Zygon: Journal of Religion & Science

June 2015 Editorial

[Zygon, vol. 50, no. 2 (June 2015).]
© 2015 by the Joint Publication Board of Zygon. ISSN: 0591-2385
DOI: 10.1111/zygo.12182

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The Future of Religion and Science around the World

The Future of the First Sixty Years of Religion and Science

It might be argued that the modern American science and religion discussion started fifty years ago, with the first issue of Zygon: Journal of Religion and Science and Ian Barbour’s Issues in Science and Religion, both appearing in 1966. Both go back to work that started in the 1950s (Hefner 2014; Peters 2014). For the journal, the foundational event is the creation of IRAS, the Institute on Religion in an Age of Science, and its first conference at Star Island in the summer of 1954.

In 2014, IRAS held its sixtieth conference, again on Star Island, not only to commemorate its past, but also to consider “the future of religion and science.” With this issue, readers will get their share of the plenary lectures. Karl Peters, former editor of Zygon, linked “the ghosts of IRAS past” to those of the present and future. Michael Ruse, philosopher and historian of biology, challenges those who seek some form of integration between science and religion, as he defends their coexistence as different and relatively independent human activities—which involves a particular view of science and of religion (see Ruse 2011; Wisdo 2011). Ruse considers a fairly traditional Christian concept of God. In contrast, in a personal essay Nancy Ellen Abrams—author of the recent A God Who Could Be Real: Spirituality, Science, and the Future of Our Planet (Abrams 2014)—prefers a rather different understanding of God, as a name for emergent features in our existence. In doing so, she assumes a different understanding of science and of religion and a more immediate link between scientific knowledge and spiritual beliefs.

Whitney Bauman speaks on the impact of globalization, which has made our situation quite different from the situation in the 1950s and 1960s. His examples mainly come from Indonesia—the land of the next author, Zainal Abidin Bagir, who also considers the impact of the pluralistic world on “religion and science.”

Sarah Fredericks and Lea Schweitz speak of those involved—not only academics, but also artists and amateurs—and illustrate their creative vision for the future of religion and science with various examples from their experience in teaching those subjects in a public university and a seminary in a big city. I, Willem B. Drees, focus on the way religion has changed in the Western world. Not only has participation changed, but also what it means to be religious has changed, briefly summarized as a shift from an emphasis on authority that is outside us (Scripture, Church) to an emphasis on experience and authenticity.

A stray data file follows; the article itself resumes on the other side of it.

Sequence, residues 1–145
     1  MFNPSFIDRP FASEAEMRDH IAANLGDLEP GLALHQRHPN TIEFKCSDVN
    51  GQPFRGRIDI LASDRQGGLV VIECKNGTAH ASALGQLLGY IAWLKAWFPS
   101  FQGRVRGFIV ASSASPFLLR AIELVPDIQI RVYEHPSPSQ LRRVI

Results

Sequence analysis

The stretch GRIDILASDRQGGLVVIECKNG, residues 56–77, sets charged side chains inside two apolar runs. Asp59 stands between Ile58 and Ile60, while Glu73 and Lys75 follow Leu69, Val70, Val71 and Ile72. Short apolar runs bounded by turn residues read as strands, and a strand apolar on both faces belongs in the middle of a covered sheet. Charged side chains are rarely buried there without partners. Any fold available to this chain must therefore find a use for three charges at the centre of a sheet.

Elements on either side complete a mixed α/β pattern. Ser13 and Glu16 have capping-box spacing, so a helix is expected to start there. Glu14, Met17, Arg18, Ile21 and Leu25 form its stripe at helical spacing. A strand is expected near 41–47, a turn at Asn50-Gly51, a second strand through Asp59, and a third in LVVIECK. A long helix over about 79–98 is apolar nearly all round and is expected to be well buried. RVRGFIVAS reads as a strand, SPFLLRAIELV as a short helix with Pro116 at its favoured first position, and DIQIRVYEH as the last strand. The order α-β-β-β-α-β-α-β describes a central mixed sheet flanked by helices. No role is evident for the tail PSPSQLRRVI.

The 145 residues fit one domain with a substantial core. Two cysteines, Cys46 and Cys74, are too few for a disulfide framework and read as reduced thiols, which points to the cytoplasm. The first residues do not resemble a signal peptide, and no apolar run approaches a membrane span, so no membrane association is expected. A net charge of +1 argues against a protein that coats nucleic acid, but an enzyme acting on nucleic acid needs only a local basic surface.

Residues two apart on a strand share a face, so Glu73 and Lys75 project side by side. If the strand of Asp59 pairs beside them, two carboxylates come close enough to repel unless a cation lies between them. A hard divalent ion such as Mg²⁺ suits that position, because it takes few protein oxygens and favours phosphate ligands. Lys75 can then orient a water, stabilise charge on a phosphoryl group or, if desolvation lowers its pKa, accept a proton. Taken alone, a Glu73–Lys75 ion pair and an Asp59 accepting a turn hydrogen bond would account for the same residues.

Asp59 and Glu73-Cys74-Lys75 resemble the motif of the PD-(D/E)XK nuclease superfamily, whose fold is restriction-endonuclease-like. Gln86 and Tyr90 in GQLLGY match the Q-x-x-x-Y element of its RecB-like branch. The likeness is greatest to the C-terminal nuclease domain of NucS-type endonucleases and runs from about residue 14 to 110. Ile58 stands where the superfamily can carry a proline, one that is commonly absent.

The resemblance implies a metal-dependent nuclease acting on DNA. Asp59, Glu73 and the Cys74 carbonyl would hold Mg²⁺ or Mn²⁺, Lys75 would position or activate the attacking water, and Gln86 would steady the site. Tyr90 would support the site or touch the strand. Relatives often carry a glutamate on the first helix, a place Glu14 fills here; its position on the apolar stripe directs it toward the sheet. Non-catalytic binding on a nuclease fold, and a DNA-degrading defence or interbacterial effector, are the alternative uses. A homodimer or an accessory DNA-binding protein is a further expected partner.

Religion and Science around the World

While IRAS and Zygon are rooted in the North American context, globalization has changed our world. In this issue, we continue our series of review articles in the way science and religion interact in rather different contexts. South Africa is the focus of the contribution by Ernst Conradie and Cornel du Toit, showing the impact of social circumstances. Ignacio Silva informs us on developments in Latin America, including a mix of public and pontifical universities. Dirk Evers informs us of developments in the historic heartland of Protestantism, Germany, now among the secular European countries. Jianhui Li and Zheng Fu inform us of a particular issue that emerged in China, the rise of claims about traditional knowledge, extrasensory perception and extraordinary abilities in the Qigong movement, and the way this was facilitated and then suppressed by the government (see also Palmer 2007). This interesting mix of articles shows glocalization—the interplay of global and local (Drees 2015)—and thereby adds to the diversity of questions and contexts as shown in contributions on Japan (Kim 2015), Catholic Southern Europe (Oviedo and Garre 2015), and on Kraków, Poland (Brożek and Heller 2015).

Intelligent Design, Christianity, and Nature

Sharon Woodill discusses “The Christian Core of Intelligent Design.” Whereas advocates sometimes seek to present intelligent design (ID) as a generic point of view, one that is scientific or philosophical but not partisan, Woodill argues that ID is deeply rooted in a Christian framework. Michael Behe’s notion of “irreducible complexity” scientizes the creation narrative of Genesis. William Dembski’s notion “specified complexity” does the same for the Logos account of the gospel according to John. Thus, not only is rational analysis of the formal arguments needed, but their psychological appeal deserves scrutiny as well (Recker 2010). Hence, it is useful to consider theological motives in the intelligent design discourse, as done previously in articles on natural theology (De Cruz and De Smedt 2010) and on blood, sin, and atonement (Rogers 2014), while it is also important to present more constructive ways of Christian engagement with evolutionary biology (e.g., Deane-Drummond 2012; McMullin 2011, 2013a, 2013b; Southgate 2011, 2014).